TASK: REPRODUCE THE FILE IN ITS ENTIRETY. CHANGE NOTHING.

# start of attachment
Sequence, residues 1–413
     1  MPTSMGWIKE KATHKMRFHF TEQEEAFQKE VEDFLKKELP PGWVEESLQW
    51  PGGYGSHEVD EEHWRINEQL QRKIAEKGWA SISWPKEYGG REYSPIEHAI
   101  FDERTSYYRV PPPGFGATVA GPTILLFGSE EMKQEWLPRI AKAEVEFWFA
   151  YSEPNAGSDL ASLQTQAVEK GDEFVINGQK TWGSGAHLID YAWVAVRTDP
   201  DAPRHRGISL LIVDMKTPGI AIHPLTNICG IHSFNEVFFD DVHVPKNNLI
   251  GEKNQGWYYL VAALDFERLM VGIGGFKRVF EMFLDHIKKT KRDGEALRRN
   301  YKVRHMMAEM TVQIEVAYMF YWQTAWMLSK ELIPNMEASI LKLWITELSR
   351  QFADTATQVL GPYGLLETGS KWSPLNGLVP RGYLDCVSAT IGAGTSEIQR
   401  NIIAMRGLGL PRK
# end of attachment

Sequence, residues 1–413
     1  MPTSMGWIKE KATHKMRFHF TEQEEAFQKE VEDFLKKELP PGWVEESLQW
    51  PGGYGSHEVD EEHWRINEQL QRKIAEKGWA SISWPKEYGG REYSPIEHAI
   101  FDERTSYYRV PPPGFGATVA GPTILLFGSE EMKQEWLPRI AKAEVEFWFA
   151  YSEPNAGSDL ASLQTQAVEK GDEFVINGQK TWGSGAHLID YAWVAVRTDP
   201  DAPRHRGISL LIVDMKTPGI AIHPLTNICG IHSFNEVFFD DVHVPKNNLI
   251  GEKNQGWYYL VAALDFERLM VGIGGFKRVF EMFLDHIKKT KRDGEALRRN
   301  YKVRHMMAEM TVQIEVAYMF YWQTAWMLSK ELIPNMEASI LKLWITELSR
   351  QFADTATQVL GPYGLLETGS KWSPLNGLVP RGYLDCVSAT IGAGTSEIQR
   401  NIIAMRGLGL PRK